With spring fast approaching, it is time to start making plans to attend the American Iris Society's spring 2015 Convention, "Iris in Wonderland." This year it is being held in beautiful Portland, Oregon, from May 18th to the 23rd. Iris friends old and new will be meeting up to tour gardens and see the very latest and greatest creations our hybridizers have to show off, as well as attending all the events, presentations and meetings for the various specialized societies. It is a wonderful time and we invite you to join us!

I was so delighted to attend the 2006 Portland Convention, "Reigning Iris." It was my first Convention and everyone was so friendly and made me feel right at home. It was so much fun to meet iris friends that I had only known from the internet, and let me tell you, the gardens and flowers are amazing. Here are some photos I took at the gardens that will again be showcased.

Aitken's Salmon Creek Garden, in Vancouver, WA: Spread over a lovely hillside, the rows and rows of flowers beckon visitors further and further into the distance. Terry and Barbara grow a wide variety of species and there is always something surprising to stumble upon. 

Visitors enjoy the blooms at Aitken's Salmon Creek Garden,
AIS Convention 2006.
Mid-America Garden, in Brooks, OR, is the home of Paul Black and Thomas Johnson, two of America's top hybridizers. One of the highlights for me in this garden was seeing a preview of what's to come in their reselect seedling beds.

Display beds at Mid-America Garden,
AIS Convention 2006.
Schreiner's Iris Gardens in Salem, OR, is a destination for gardeners of all stripes. While irises are the main attraction, their display gardens are filled with companion plants and are always a delight. It is sure to inspire you with plenty of ideas to take home to your garden.

Display garden at Schreiner's Iris Gardens,
AIS Convention 2006.
And, again, seeing the rows and rows of reselected seedlings gives us a sneak peek into the future and the wonderful advances we'll see shaping iris fashion in years to come.

Seedling beds, Schreiner's Iris Gardens,
AIS Convention 2006.
We'll also be visiting Mt. Pleasant Iris Farm, in Washougal, WA, home of Chad Harris and Dale Grams; Miller's Manor Gardens, home of Lynn and Roger Miller; and Wildwood Gardens, home of Tracy and Will Plotner.

I. pseudacorus variegata,
photographed at Mt. Pleasant Iris Farm
After the main Convention, the Siberian & Species Convention will take place on the 24th and 25th. "Another Day in the Garden" will take visitors back to some of the previous gardens as well as the garden of Kevin Vaughn. In addition to the cornucopia of irises you'll enjoy, the sights and attractions of Portland are nearby, and you have all the stunning natural beauty of the Pacific Northwest within easy driving distance. From the mountains of the Cascades and the rainforests of the Olympics, breathtaking drives through the Columbia Gorge, and the incredible geology from the deserts to the volcanoes to our beautiful beaches, there is something for everyone to enjoy.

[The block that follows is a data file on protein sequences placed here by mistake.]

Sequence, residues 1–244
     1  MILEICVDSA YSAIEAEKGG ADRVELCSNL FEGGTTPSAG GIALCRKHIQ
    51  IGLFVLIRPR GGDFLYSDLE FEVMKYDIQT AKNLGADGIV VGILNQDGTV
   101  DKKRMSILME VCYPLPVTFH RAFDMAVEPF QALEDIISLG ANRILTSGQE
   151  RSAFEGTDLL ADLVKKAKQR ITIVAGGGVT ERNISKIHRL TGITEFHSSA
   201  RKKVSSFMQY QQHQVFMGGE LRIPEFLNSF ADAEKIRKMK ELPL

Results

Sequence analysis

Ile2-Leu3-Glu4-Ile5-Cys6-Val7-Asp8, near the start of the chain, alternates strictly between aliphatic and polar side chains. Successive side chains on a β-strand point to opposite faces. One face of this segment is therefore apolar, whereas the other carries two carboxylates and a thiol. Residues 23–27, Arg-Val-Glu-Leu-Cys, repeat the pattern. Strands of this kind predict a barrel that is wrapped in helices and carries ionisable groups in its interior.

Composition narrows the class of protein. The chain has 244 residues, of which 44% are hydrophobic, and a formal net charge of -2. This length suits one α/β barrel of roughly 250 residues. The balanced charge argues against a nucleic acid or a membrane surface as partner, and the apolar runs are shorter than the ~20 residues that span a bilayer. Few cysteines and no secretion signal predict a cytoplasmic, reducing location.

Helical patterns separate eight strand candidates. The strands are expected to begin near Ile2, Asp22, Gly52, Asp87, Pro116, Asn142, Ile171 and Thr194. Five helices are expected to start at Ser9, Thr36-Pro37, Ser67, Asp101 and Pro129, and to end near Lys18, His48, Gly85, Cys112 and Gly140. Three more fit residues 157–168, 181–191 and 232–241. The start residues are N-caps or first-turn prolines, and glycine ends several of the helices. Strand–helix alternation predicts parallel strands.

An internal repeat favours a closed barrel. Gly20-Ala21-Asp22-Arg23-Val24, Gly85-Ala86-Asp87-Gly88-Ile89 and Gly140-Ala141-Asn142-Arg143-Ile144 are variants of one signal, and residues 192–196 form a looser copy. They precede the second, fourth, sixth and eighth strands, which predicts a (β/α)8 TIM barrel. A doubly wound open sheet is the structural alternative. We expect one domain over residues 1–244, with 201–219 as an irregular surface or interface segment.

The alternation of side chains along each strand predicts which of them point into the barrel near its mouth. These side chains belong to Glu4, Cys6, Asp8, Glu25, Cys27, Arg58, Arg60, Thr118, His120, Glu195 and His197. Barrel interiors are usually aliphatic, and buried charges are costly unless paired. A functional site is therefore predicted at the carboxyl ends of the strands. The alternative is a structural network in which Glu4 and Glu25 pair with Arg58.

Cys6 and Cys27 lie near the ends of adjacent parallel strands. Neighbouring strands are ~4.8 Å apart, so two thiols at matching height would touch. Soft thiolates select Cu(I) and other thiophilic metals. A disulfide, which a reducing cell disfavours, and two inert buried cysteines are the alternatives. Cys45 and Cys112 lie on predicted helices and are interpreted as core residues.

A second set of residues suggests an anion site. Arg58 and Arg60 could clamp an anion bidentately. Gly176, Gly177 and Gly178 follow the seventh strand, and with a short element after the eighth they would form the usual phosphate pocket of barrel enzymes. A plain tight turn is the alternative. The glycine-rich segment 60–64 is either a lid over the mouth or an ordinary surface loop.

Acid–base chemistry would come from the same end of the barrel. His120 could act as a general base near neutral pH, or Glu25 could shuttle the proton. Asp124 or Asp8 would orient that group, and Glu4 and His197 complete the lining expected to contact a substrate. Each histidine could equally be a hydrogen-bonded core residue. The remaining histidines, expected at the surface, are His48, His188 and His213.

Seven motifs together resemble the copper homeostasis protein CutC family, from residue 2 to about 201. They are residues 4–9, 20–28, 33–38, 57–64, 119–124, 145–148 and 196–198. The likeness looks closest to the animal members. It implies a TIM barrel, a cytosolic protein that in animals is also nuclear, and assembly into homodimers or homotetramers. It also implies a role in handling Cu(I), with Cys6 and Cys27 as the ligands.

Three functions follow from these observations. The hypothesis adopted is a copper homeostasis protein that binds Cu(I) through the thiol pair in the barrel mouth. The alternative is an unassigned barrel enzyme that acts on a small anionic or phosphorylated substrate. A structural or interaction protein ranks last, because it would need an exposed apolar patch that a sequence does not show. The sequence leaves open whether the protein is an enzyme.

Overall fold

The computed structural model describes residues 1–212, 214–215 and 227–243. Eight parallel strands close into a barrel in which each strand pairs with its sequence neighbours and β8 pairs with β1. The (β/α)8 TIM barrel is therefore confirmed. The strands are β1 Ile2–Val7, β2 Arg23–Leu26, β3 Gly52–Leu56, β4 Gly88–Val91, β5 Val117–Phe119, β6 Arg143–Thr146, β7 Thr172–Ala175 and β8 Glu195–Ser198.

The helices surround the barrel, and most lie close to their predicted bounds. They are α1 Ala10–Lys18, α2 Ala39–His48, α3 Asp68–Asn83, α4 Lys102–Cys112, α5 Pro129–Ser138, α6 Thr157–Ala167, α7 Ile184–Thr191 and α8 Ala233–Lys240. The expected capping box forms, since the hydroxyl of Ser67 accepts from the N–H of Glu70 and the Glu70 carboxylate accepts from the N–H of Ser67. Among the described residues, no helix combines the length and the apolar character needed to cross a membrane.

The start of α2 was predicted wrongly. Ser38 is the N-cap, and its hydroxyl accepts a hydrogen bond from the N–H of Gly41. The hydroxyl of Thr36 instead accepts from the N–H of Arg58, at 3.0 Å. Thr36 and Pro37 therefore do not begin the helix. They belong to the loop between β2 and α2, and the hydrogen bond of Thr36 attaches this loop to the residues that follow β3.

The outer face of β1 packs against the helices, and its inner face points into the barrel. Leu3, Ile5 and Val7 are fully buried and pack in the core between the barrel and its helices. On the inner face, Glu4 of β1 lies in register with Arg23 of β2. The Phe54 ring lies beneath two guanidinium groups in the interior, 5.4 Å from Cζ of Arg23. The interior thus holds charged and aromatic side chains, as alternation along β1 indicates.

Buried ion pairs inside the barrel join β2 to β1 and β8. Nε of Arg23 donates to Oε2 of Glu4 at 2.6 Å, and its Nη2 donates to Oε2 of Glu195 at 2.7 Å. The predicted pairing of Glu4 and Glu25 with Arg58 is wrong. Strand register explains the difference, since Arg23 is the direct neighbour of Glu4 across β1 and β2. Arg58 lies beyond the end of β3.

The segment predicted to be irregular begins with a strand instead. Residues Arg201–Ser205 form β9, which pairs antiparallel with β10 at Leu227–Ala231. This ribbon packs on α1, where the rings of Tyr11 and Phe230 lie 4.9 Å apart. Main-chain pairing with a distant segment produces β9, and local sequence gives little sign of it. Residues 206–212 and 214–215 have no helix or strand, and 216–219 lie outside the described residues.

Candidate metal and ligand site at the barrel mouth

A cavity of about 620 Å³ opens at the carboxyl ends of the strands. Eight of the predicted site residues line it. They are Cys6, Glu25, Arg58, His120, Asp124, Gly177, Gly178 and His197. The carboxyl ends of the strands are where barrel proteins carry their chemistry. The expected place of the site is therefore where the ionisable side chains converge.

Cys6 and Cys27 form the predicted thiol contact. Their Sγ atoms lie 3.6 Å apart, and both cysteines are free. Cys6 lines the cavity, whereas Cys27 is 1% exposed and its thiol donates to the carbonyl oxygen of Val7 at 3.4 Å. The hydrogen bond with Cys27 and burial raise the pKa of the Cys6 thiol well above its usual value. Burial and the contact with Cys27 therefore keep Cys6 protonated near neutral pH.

You can find all the details you'll need to plan your trip at the Convention's main website. See you there!

Flower arrangements at Cooley's Gardens,
AIS Convention 2006.
Mid-America Gardens, iris fields.
(click for larger view)

Monday, January 5, 2015

What Is A Rebloomer?

                                              by Betty Wilkerson
Zone 6

If you hang around iris groups, either in the flesh-and-blood world of local societies and rhizome sales in your local neighborhoods, or in the virtual world like the Reblooming Iris page on Facebook, you know that a common question is "how can I tell if an iris is technically a rebloomer?"  Sometimes irises bloom in the summer, sometimes in the fall, but not the following spring, and so on, hence the question.

Some people are really fussy about their rebloomers and insist that they follow strict rules.  For those, we have the definition from The World of Irises written by members of The American Iris Society, edited by Bee Warburton with Melba Hamblen as Assistant Editor, and with help from Dr. Raymond Smith.  Dr. Smith wrote that "a rebloomer may be defined as any iris that produces an extra period of full bloom each year.  By full bloom is meant bloom of one or more increases from each rhizome that flowered during the immediately preceding regular period.  This definition excludes those sorts whose stalks emerge serially over an extended season, as well  as clones with only a fraction of the mature rhizomes blooming during one period and the remainder during the next, even though such sorts do provide color apart from regular seasons and are frequently mislabeled rebloomers" (Warburton: 137).

The AIS Judges Handbook is a bit more "loose."  In summary, it states that rebloom should produce enough additional bloomstalks to double the total number of days of bloom produced annually (143).

1. Rebloomers (Cyclic Rebloomers), the standard for this group, are cultivars which complete two distinct cycles of bloom. After the spring flowering, there is a second nearly predictable period of bloom.

2. Multiple Blooming Irises send up bloomstalks repeatedly at any time throughout the growing season, spring to summer and fall.

3. Repeaters produce additional bloomstalks with unpredictable regularity immediately following or shortly thereafter the initial Spring bloom season. It is not uncommon for these varieties to extend the spring bloom season from four to eight weeks.

4. Sporadic Rebloomers are varieties which unpredictably produce bloomstalks at varying times during the growing season. Many occasional rebloomers perform well on the West coast and the Southern areas of the United States. While they are highly regarded there, they may not show reblooming tendencies in colder climates.

5. Secondary Stalk Rebloomers, although rare, occur when rhizomes send up secondary stalks in the same growing season.

I must admit, I have a loose definition: I like iris blooms so much that I welcome just about anything that puts up an extra bloom stalk.

My hybridizing lines were originally started with 'Feed Back', 'Immortality', 'Early of Essex' and a few others that rebloomed in fall.

'Immortality'  c. Terry Laurin
'Earl of Essex'  c. Lloyd Zurbrigg
After about 20 years I decided to work for summer bloom, and to stop working with most of the fall cycle rebloomers, since the fall bloomers often freeze here.

'Another Bridge'


If you have any subjects or questions on rebloomers you would like to see addressed, please email me at